My history with breath was fraught with hardship. I grew up with asthma, was plagued with pneumonia as a child, and often had colds that “went to my lungs” and turned into bronchitis. When I started practicing yoga in 2001, even though my home practice was not yet regular, I did notice a difference – my bouts with asthma became a bit less frequent. When I started a sincere, dedicated asana home practice in 2008, it helped even more – but I still had flare-ups rather often. Today, I hardly ever experience any asthmatic symptoms. How did I get here? I believe I have found greater strength and freedom in my breath and health through dedication to both my singing and yoga practice.

When we sing, we extend the exhalation, and the resonance of the voice is carried on the exhaled breath. But how do we extend the exhalation and “control” the breath without getting tight? Surprisingly, I was not given a whole lot of specific breath instruction in my classical training until 2011, over 10 years after I set upon this path of being a professional classical singer. Until then, I was told “stay tall – keep the ribs up – the belly is not a bowl of jelly – but not too tight, either.” Those sort of instructions were well-intentioned and actually pretty accurate, but in my body which was still riddled with asthmatic symptoms as well as anxiety, they fell flat. For my laser-sharp monkey mind that needed to know exactly how to do things, those instructions were not specific enough. So I went on a journey to find more answers in relation to my breath, and ended up going down two unlikely paired paths: a deepening exploration of Bel Canto breath technique, and yogic pranayama.

The voice teacher who finally gave me some much-needed specific breath instruction was Linda Brice, who learned breath technique from the great Bel Canto opera singer Virginia Zeani. Some time after starting my transition from mezzo-soprano to soprano under Linda’s guidance, I also felt pulled to delve deeper into my yoga practice and enter a yoga teacher training program to fulfill a long-time goal of getting certified to teach yoga. I entered a YTT program in Seattle with the inspiring master teachers Ki McGraw and Bob Smith; various pranayama techniques were covered as part of their extensive program. Fast forward to today – I continue to deepen my breath awareness with master teachers Nancy Olson-Chatalas (voice) and Julie Lawrence (yoga.) It is difficult to give words to the incredible evolution that occurred throughout my study with all these teachers, but suffice to say that my personal approach to breath technique has grown from the intersection of Bel Canto and pranayama, and my own health and freedom in my singing is a testament to the effectiveness of that technique. I say that without pride, but with profound gratitude to all my teachers and the hope to inspire – if I can overcome asthma and sing freely, anyone can! Also, where I am now is not a stagnant state – my relationship with my breath is constantly evolving. Although I don’t plan to go into too much technical detail in this article, I would like to share a few insights about breath that I find particularly helpful. These insights came through in my practice and teaching.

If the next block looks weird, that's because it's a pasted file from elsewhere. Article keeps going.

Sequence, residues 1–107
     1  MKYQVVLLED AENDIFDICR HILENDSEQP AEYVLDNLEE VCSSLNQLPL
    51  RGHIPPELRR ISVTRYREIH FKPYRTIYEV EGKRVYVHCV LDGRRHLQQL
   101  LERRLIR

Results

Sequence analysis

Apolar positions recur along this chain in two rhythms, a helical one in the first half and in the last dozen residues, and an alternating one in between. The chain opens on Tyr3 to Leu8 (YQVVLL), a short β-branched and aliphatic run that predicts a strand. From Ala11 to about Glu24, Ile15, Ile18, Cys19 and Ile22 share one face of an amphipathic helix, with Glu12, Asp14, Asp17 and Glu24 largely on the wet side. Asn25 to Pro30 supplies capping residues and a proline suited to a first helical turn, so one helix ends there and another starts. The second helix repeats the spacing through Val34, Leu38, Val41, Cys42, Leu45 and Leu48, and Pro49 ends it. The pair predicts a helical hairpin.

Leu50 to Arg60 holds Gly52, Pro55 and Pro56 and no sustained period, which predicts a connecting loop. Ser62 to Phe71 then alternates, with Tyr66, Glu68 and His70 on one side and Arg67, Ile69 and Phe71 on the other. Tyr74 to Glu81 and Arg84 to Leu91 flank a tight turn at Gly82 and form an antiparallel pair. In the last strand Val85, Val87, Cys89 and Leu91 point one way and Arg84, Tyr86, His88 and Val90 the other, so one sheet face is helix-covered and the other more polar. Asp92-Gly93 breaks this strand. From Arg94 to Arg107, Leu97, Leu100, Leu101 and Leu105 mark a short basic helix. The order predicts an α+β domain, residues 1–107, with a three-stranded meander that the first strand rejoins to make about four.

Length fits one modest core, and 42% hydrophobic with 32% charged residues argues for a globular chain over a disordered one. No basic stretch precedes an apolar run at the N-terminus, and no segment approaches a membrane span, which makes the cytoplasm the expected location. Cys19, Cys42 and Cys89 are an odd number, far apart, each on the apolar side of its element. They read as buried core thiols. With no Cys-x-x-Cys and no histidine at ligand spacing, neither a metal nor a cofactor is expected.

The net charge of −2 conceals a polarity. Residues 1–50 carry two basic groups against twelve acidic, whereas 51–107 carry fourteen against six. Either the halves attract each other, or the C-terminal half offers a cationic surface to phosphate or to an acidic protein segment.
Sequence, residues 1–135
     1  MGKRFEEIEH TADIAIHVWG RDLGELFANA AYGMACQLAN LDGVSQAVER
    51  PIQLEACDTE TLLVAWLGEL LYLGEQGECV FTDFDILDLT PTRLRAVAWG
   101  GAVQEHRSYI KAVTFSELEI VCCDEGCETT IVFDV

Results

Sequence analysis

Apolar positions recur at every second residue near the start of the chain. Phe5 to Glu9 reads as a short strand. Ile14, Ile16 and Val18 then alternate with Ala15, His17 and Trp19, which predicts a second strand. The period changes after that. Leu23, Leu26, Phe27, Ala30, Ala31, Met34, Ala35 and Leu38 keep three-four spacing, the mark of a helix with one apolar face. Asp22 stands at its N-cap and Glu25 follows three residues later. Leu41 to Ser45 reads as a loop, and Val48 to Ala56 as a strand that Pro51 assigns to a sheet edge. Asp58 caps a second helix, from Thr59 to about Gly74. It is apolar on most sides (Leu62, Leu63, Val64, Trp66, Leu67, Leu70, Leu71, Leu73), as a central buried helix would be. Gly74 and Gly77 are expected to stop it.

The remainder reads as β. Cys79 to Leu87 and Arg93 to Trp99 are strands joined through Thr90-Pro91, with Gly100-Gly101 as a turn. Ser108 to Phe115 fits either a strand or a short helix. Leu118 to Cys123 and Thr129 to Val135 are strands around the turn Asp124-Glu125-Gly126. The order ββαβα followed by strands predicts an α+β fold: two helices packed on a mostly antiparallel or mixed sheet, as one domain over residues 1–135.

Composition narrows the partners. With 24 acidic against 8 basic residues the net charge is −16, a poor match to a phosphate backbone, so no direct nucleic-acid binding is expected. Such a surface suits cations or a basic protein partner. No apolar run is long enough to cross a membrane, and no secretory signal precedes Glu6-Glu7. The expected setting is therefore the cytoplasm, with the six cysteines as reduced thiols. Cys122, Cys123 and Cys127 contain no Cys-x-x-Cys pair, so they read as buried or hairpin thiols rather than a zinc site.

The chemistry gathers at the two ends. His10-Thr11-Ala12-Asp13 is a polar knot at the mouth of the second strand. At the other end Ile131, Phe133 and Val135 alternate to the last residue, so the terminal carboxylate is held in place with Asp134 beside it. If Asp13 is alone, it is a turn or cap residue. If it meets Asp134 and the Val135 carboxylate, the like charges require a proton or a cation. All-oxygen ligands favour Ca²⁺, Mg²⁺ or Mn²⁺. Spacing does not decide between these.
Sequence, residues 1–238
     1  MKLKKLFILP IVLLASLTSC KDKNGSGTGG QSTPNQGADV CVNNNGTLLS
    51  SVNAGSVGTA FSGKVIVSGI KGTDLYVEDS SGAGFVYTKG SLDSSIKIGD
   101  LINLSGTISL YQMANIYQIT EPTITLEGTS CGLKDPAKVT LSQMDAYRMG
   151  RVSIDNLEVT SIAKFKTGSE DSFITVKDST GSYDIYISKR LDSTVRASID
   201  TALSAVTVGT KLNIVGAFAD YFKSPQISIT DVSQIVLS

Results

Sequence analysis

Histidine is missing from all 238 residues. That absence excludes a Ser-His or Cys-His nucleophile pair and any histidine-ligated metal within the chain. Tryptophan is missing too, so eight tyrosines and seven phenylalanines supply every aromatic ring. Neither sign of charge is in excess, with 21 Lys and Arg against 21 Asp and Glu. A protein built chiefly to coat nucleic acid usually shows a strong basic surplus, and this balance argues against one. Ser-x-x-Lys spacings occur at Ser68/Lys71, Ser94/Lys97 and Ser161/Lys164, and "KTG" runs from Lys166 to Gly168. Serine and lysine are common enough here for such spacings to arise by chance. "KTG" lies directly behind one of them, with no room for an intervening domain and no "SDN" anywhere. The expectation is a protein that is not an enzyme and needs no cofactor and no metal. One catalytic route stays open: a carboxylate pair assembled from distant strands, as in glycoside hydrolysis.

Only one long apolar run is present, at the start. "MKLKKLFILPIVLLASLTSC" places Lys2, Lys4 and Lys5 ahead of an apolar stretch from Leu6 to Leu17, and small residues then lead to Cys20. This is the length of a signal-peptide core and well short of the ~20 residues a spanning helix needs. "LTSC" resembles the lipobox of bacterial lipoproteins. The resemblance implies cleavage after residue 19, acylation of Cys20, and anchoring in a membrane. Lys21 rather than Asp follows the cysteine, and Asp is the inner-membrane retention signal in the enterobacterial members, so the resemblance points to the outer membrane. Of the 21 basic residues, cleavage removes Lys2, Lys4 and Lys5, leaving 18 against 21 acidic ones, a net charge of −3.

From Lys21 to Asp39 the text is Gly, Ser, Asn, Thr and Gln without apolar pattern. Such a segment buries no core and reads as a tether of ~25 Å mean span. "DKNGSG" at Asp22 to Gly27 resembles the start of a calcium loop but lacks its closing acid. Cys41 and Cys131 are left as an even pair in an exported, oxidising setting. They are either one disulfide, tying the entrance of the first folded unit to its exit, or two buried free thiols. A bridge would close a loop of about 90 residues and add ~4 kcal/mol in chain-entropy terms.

In vocal technique, we practice one particular kind of pranayama in which we engage the muscles around and between the ribs in order to keep them expanded all the way around, which stretches our diaphragm as we exhale and sing (or otherwise project our voice, such as in public speaking.) By stretching the diaphragm laterally in this way, it feels to me like I am “holding space” for the breath and then practicing surrender to the wisdom of my diaphragm and of my own body. The ribs are not rigidly held, but there is indeed a muscular engagement which feels like a deeper commitment to strengthening myself than what my habitual tendencies would dictate. The legs press down into the floor, and from that grounding down, we can more effectively lengthen upwards through our torso and feel our deeper core muscles supporting the spine and allowing the diaphragm to stretch and release more fully, letting in more breath. But it is not just about letting in more breath – we must also practice releasing the breath, fully committing to the active flow of breath up to our resonator as we are singing. I often say to my students – “Be generous with your breath!” By letting our breath be our guide as we hold space for it and allow it to flow, we can practice sharing our true selves with others, taking risks despite vulnerability, and even the feeling of surrender to something greater than ourselves.

Although the two paths of classical singing and traditional Hatha yoga practice seem like an unlikely pair, I can now attest to the power of braiding these practices together – to me, they are now inextricably linked. But don’t take my word for it – in your own yoga practice, try following your breath with curiosity and then try adding a humming vibration on your exhalation. Keep exploring by chanting “Om” and other potent Sanskrit syllables, mantras, or affirmations, and maybe it will turn into a gratifying chanting practice after your asana practice. You may also want to explore deeper with private voice instruction, in which I could direct your awareness to different areas of your body as you are singing, and together we can find where you specifically need to engage or release more – every voice and body is different, and has its own challenges!

If you are already a singer and just starting your yoga journey, try building strength in your deeper core and side rib muscles through poses like plank, chataranga dandasana, and navasana. Then, stretch those same muscles in poses like ardha chandrasana and parsvakonasana, pictured above. (For other poses that are great for singers, check out my article on that topic from almost exactly a year ago, and drop in on one of my group yoga classes!)